Ensuring FATCA and CRS Compliance – Updates and solutions for the latest enforcement guidelines

      The Cayman Tax Information Authority (TIA) recently released its CRS enforcement guidelines outlining the circumstances under which financial institutions could face penalties for failing to comply with the Common Reporting Standard (CRS).

      It also outlined the process by which financial institutions would be notified of penalties, and the notice and appeals process by which they may contest penalty imposition. Find out more about the latest enforcement guidelines and the latest updates in relation to FATCA and CRS from our in-house experts.


      Elaine Chow


      Roman Ipfling
      Michelle Chan

      Webinar Transcription

      Alison: Hello, everyone. And thank you for joining us at today’s webinar on Ensuring FATCA and CRS Compliance. I’ll pass you over to moderator Elaine Chow. Thank you, Elaine.

      Panelist Introductions

      Elaine: Thanks. Good morning, everyone. Thank you for joining us for today’s webinar. My name is Elaine Chow, and I am a director at Waystone based in Hong Kong. Just a very quick intro of Waystone for those of you who may not know. Waystone is a leading provider of institutional governance risk and compliance service to the asset management industry. With over 20 years of experience, we are now supporting asset managers with more than a trillion U.S. dollars in AUM. Today we are very happy to have two of my colleagues, Roman and Michelle, speaking with us this morning. Roman is the managing director of our regulatory compliance services, and Michelle is an associate director in our AEOI compliance group.

      As a lot of our attendees here might be aware the Cayman tax information of RRT recently released a common reporting standard enforcement guideline in March. It outlined the circumstances under which the financial institution could face penalties for failing to comply with the CRS requirements. Roman, since there are field-related reporting deadlines coming up, I thought it might be useful for you to share with our audience here just to give a quick recap of the key requirements and deadlines, and also provide some key points of the CRS enforcement guidelines issued by the Cayman TIA. Roman, over to you.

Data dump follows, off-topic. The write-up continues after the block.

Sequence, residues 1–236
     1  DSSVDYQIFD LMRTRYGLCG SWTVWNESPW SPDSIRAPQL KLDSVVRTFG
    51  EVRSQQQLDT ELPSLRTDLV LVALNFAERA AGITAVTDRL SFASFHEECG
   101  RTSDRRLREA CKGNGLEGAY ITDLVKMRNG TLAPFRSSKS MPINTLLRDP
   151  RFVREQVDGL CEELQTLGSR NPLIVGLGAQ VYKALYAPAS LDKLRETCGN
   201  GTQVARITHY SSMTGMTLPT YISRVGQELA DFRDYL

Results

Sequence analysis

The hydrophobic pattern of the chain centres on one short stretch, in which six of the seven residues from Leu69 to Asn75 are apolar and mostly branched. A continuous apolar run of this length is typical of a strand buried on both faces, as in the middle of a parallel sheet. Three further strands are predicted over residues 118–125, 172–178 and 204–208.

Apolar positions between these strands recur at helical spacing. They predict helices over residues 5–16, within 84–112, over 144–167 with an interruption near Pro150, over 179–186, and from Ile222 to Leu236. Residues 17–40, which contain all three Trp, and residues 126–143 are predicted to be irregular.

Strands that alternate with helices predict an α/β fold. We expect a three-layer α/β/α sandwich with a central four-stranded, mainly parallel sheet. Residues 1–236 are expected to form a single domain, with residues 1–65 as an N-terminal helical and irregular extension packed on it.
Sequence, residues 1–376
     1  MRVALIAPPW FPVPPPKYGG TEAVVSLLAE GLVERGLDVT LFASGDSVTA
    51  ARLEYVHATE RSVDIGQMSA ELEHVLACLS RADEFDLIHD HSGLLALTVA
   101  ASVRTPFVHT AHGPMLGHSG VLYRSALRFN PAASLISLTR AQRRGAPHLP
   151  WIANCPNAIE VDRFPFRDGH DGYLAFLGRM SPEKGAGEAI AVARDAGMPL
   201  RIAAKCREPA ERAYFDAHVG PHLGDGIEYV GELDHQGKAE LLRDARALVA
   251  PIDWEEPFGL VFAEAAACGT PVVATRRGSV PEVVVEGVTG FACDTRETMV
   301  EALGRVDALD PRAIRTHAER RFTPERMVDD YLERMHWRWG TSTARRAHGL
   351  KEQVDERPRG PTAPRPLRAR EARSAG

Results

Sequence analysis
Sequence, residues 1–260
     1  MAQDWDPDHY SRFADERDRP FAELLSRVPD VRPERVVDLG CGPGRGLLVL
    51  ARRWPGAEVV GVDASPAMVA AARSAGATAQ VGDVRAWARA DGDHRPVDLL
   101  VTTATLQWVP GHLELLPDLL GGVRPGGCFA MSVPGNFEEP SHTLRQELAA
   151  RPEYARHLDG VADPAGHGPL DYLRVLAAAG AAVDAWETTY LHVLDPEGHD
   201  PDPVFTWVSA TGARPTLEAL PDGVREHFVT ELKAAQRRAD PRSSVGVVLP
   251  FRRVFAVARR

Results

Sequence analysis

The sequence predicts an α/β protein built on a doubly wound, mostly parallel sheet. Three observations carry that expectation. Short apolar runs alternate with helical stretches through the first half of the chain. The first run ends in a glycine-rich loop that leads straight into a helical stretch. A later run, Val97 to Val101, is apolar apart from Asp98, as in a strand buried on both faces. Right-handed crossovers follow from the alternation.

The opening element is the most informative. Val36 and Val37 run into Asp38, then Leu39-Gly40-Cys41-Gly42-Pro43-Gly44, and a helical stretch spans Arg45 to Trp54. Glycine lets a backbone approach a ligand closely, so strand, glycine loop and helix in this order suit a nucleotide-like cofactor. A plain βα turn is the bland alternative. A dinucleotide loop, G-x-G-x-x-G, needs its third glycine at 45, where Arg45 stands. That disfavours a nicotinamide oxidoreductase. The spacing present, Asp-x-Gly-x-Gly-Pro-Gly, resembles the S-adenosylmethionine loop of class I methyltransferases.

Roman: Thank you, Elaine. And thank you, everyone, for attending the webinar today. So, yeah, we take a look at FATCA and CRS. So, as you know, they are around for some time. FATCA, you look at identifying any U.S. investors or investors that have ties with the United States so that those investors will be reported to the U.S., exchange between Cayman and other jurisdictions to the U.S. then. And then we have the common reporting standard, which applies to all participating jurisdictions. So, Cayman exchange then on an annual basis information about investors that invest in a Cayman vehicle with all the jurisdictions that participate in the common reporting standards. So, for example, a Hong Kong tax resident that’s invested in a Cayman fund will report it to the Cayman authorities, and then the information will be passed on to the Hong Kong authorities.

      FACTA & CRS Returns

      So, the deadline for FATCA and CRS returns for the 2021 reporting filing will be July 31st, 2022. Please note that’s a Sunday. So, the authorities might issue a guidance that it will be actually August 1st because that’s the Monday. In addition, in Cayman, as you’re probably all aware, we have also the CRS Compliance Form. And this compliance form was introduced in 2020. The purpose of the form was really since the Cayman Islands don’t have a tax system and don’t have much information about financial institutions, investors, and so forth, the OECD asked the Cayman Islands to collect more information. And also, the Cayman Islands wanted to collect more information, so they have a better tool to then, you know, have a target market, target audit approach. So, they have more factors that they can choose from in order to determine which entities to select for an audit.

      Sections of a CRS Compliance Form

      And the CRS Compliance Form looks at a couple of different sections. First of all, it looks at, you know, information about the fund, is the fund CIMA registered, and so forth. So, they can also link back then with CIMA, see if all the filings with CIMA are up to date. Then they look, if you’re not CIMA registered, at AML KYC and accounting information. So, who’s carrying out the AML KYC for that entity, who’s doing the accounting? So, they have more information with respect to that, does the entity does it themselves. So, there might be a higher chance that or moves it higher in the scale of being picked for an audit.